At the start of the summer, the APPG for Education launched an inquiry in to how well British schools are preparing young people for their future careers. The APPG began this process by collecting written evidence from parents, teachers, employers and academics and has since arranged round-table evidence sessions focusing on three key areas: where the balance should lie between teaching knowledge-centric education and soft skills; the quality and effectiveness of current careers advice and guidance; and finally, a discussion of whether schools should prioritise the study of STEM subjects.
On the 13th October, the first of these round-table discussions took place in Parliament. The session focused on the aforementioned balance between subject knowledge and softer skills and the debate was chaired by Danny Kinahan MP, Chair of the APPG for Education. Participants ranged from teachers and academics to parents and employers, and included: the Association of Teachers and Lecturers, the British Council, the Institute of Education, Capita, the Institute of Customer Service, National Citizen Service Trust, the National Literacy Trust and the Parents’ Union, several universities and the Times Educational Supplement.
The debate concentrated on three central topics: whether there is a need for better soft skills education; who should be responsible for teaching those skills; and some examples of best practice that others could learn from.
There was lively debate throughout but perhaps the most vociferous discussions were centred on how the teaching of soft skills should be delivered. Some participants emphasised the need for soft skills to be taught in a subtle way as part of wider academic subject education– stressing that soft skills, such as communication and critical thinking, would naturally be enhanced through knowledge based teaching. Others felt that that students do not enjoy the teaching of soft skills in the abstract and it can even negatively affect performance.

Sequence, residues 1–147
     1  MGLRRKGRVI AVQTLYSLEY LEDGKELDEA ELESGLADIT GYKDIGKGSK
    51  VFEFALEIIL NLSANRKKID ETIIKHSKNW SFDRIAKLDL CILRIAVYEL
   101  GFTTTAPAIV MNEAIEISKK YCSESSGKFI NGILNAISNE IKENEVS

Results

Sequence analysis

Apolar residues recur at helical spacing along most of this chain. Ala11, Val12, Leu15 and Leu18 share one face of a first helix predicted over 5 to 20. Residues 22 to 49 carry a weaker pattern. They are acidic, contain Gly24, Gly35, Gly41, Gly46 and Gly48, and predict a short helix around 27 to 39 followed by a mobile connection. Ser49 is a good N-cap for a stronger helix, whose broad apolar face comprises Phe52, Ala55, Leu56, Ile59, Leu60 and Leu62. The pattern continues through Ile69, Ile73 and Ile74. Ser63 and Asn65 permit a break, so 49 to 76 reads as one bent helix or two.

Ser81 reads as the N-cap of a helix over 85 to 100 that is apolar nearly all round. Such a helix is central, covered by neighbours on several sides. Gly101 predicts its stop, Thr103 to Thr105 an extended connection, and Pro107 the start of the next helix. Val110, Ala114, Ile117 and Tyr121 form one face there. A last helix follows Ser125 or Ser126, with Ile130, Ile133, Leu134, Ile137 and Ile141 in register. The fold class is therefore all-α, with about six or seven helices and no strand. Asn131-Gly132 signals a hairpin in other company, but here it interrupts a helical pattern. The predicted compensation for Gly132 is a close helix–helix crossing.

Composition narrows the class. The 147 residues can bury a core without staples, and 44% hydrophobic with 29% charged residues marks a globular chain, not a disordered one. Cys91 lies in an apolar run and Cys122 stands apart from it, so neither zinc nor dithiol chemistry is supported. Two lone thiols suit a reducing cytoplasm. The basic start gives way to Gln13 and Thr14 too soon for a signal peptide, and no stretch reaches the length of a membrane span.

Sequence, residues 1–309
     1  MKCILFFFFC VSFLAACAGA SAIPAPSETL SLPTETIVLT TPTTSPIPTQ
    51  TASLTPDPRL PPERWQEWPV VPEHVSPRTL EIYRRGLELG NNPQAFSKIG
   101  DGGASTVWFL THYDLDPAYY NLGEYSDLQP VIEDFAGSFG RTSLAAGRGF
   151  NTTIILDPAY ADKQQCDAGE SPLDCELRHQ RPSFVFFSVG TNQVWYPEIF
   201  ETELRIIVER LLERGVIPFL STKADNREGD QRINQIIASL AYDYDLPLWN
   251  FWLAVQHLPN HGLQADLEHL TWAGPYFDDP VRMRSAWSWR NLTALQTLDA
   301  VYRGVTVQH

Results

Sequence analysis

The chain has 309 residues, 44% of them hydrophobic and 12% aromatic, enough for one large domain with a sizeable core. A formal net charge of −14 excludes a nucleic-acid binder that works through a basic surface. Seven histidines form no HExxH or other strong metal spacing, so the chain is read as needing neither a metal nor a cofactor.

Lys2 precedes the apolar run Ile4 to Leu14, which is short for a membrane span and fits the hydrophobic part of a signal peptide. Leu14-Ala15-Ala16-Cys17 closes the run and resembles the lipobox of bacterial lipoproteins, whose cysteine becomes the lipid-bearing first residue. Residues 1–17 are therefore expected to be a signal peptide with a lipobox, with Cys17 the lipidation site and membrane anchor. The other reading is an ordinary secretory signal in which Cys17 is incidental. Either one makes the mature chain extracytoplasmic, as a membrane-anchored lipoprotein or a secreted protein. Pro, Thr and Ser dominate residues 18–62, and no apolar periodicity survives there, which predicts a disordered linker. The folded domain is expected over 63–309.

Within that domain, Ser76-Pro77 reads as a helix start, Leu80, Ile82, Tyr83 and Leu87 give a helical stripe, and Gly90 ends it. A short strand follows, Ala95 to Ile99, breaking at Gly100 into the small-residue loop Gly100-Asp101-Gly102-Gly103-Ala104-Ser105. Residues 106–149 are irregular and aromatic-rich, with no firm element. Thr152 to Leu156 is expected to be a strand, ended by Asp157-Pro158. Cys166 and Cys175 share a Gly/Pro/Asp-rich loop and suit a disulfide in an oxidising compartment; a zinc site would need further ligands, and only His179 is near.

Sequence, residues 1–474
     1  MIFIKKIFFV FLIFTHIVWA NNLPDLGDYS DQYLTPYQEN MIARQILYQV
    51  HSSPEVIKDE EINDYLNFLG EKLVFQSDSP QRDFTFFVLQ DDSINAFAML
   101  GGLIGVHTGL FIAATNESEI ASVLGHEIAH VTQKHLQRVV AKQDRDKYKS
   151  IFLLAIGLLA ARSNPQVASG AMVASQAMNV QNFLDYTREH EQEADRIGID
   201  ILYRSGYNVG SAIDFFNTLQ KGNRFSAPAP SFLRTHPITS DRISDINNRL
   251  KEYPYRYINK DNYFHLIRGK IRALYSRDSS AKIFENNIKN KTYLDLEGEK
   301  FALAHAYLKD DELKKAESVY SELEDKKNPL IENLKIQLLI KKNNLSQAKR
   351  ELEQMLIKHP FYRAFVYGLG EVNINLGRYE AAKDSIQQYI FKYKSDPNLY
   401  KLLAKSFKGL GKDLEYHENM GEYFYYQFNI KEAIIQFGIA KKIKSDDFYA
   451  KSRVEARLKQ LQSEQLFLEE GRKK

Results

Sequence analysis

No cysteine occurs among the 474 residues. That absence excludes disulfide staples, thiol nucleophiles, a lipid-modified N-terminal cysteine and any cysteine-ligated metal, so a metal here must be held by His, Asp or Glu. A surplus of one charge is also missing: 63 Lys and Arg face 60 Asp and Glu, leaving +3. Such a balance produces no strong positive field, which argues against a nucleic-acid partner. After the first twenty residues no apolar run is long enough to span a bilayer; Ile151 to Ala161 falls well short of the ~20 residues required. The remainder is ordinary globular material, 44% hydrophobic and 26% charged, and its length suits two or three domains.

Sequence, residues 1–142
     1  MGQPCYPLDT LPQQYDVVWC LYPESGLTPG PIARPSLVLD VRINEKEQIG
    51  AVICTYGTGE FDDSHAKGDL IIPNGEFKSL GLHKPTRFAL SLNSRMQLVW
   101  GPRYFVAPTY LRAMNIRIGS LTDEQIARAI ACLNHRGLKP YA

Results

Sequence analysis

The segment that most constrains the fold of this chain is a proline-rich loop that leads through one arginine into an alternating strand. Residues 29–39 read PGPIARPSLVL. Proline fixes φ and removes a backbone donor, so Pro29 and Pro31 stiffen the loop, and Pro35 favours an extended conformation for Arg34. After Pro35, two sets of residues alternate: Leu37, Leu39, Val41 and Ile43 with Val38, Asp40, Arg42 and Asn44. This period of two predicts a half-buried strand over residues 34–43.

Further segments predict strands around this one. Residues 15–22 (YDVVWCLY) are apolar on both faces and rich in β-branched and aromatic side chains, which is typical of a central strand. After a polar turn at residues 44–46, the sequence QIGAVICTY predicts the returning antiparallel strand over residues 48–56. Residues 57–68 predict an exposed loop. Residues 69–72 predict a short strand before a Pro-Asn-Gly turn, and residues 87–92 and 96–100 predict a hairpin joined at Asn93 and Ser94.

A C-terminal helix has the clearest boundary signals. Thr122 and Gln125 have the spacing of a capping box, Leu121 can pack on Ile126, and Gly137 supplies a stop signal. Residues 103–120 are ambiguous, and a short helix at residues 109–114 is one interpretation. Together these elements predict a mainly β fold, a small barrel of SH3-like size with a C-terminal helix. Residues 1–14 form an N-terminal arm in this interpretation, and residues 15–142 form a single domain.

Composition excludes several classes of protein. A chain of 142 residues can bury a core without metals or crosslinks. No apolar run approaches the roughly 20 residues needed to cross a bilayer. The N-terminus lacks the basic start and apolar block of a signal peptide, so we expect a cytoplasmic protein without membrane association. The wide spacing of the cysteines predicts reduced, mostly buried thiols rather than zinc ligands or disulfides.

However, many members of the roundtable countered with the point that the UK’s economy is dominated by the service industry and so soft skills are becoming more important as interaction with others supplants technical knowledge as the key skill for work.
Others summarised the situation by claiming that hard skills are becoming softer whilst soft skills become harder – demonstrating that a blended approach to teaching knowledge and skills may be the best approach moving forward.
Other participants highlighted that soft skills are hard to measure and the testing of such skills cannot be too prescriptive. The teaching of knowledge through pre-packaged gobbets of information was to the detriment of students’ abilities to garner soft skills. Therefore, for the success of the blended teaching approach, it seems that overly prescriptive teaching methods must be forgone.